In 2015, I was introduced to Goodreads. Some refer to the app and website as Netflix for books, and it really is- suggestions based on what you've read and how you've rated past reads, a peek into what lies on your friends' bookshelves... I really love their Reading Challenge. Each year, you can set a goal for yourself on how many books you'd like to finish before year's end, and track your progress along the way. With statistics from sites like Business Insider and Forbes spouting that the most successful people make a habit of reading daily, I see no reason not to push myself to pick up a book more often than the remote.
This summer, I've pinpointed a few books that I want to carry me through the first of September.
GodPretty in the Tobacco Field, Kim Michele Richardson
The story of a teen girl who dreams of a bigger life outside of an impovershed Kentucky tobacco farm speaks to me on a couple of levels. While growing up on a tobacco farm in a small, hard working community, I, too, craved more movement, more noise, more life. Perhaps its why I escape to cities like New York and Chicago as often as possible. While I never wanted to leave behind the kinship and green smells of my homeland, I'm curious to see why our protagonist wants to separate from hers.
How to be a Heroine, Samantha Ellis
Part memoir and part Womens Studies class, our author explores how the female writers and characters have shaped her life, her outlook, and her expectations for herself as well as current female leads (imagine Anne of Green Gables next to Amy Poehler's Leslie Knope). I'm excited about this one, though the ladies featured inside may spark an itch (a neccesity?) to go back and re-read some of the classic, female-led tales I've not touched in several years.
State of Wonder, Ann Patchett
After reading Ms. Patchett's Commonwealth last year, and devouring every word, I found myself floating towards her name again while at our local Carmichael's Bookstore last week. State of Wonder takes us far away from Commonwealth's Virginia hills and places us in the Amazon where a doctor ventures to find out what happened to her colleague there. Most of the details I've found on story arc are vague, so if you've read this one and have details, please reach out.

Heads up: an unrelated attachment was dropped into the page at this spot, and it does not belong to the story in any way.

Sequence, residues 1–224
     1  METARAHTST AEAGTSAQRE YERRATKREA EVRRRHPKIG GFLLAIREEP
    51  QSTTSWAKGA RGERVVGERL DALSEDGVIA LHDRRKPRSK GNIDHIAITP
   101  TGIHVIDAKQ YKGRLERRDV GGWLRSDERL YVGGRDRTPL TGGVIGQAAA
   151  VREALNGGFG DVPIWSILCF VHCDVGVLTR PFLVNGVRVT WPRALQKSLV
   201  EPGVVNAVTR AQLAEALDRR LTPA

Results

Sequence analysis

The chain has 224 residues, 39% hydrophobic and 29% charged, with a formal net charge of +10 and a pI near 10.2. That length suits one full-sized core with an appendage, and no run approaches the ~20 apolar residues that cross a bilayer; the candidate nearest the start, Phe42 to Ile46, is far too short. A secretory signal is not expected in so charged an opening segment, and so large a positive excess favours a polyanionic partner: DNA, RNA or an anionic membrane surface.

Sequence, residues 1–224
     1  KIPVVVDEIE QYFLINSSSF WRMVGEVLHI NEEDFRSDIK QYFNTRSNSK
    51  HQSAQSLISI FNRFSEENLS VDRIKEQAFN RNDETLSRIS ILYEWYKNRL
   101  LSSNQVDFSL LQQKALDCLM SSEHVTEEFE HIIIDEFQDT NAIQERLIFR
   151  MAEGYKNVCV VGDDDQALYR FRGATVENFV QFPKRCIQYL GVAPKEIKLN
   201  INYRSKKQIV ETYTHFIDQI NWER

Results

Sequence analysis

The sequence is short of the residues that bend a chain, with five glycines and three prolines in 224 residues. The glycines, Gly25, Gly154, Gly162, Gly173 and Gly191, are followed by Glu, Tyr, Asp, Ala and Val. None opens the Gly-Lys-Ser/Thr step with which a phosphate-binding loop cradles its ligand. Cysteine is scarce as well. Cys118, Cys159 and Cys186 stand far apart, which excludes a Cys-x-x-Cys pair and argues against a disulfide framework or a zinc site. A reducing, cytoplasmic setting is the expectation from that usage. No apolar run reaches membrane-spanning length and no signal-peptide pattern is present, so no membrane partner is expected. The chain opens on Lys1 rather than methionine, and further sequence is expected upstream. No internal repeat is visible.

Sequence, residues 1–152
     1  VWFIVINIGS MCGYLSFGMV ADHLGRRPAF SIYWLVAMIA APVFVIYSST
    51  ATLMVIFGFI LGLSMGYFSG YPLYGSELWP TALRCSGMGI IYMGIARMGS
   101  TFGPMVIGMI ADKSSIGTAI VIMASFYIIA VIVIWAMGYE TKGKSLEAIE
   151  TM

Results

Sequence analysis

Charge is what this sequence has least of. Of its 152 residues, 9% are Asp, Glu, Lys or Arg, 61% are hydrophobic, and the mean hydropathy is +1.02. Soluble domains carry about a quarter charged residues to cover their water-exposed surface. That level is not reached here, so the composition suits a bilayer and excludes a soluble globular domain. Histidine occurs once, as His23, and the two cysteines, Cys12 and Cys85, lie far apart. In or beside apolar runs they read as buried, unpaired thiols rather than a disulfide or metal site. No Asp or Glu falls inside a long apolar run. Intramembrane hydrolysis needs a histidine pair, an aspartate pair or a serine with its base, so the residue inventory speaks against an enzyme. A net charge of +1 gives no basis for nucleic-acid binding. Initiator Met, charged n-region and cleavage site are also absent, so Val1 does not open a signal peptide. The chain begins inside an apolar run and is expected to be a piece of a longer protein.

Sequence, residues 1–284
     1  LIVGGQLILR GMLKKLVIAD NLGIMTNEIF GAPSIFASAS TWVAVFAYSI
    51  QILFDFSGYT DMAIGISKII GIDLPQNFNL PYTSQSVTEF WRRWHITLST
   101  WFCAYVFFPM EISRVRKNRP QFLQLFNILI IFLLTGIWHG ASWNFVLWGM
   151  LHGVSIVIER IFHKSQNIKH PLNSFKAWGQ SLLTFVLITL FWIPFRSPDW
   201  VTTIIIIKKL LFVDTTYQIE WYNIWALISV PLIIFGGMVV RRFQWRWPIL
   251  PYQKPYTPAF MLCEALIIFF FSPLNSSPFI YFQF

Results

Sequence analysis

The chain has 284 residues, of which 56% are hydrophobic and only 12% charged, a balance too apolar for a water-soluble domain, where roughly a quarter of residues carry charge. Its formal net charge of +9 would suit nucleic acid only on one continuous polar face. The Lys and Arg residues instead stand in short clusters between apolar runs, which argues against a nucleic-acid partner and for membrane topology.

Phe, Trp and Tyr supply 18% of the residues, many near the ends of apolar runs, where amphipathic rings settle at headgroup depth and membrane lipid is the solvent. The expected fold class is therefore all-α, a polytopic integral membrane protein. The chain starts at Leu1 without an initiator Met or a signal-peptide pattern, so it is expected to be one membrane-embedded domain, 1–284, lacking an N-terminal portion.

This is the Story of a Happy Marriage, also Ann Patchett
Because I loved Commonwealth so much, I grabbed two Ann Patchett works. This one, This is the Story of a Happy Marriage caught my eye. Focusing on the marrriages she's had- to a bad love, a good one, marriages to literature, to business ventures, and friends- Patchett remembers the relationships that have shaped her.
My Grandmother Asked Me to Tell You She's Sorry, Fredrik Backman
This one was recommended to me by a friend and client last summer, and it's been sitting in my "to read" pile since we got back from Phoenix. The relationship between an odd seven year-old, and her possibly dementia-ridden grandmother is that of two best friends who speak in their own language. When grandma passes, she leaves behind letters to those she believes she's wronged, and Elsa sets off on an adventure. A true worshipper of my own grandmother, I'm looking forward to see what sort of love and bond is here, and what sort of tasks Elsa is dealt.
American Housewife, Helen Ellis
The cover caught my eye almost a year ago, and NPR's book review piqued my interest, so I finally caved and bought American Housewife. A dozen short stories whose descriptions read a little demented, "and then they kill a party crasher, carefully stepping around the body to pull cookies out of the oven," I'm a little tentative of reading this Stepford Wife meets Mrs. Voorhees-sounding collection. Most reviews, however, seem positive, and hilarious... I'm curious to see how this one turns out.
Happy reading, friends, and please, send any book suggestions this way!
** photos by Kyle Leuken **
** this post is not sponsored **
Yours, most sincerely, Joyce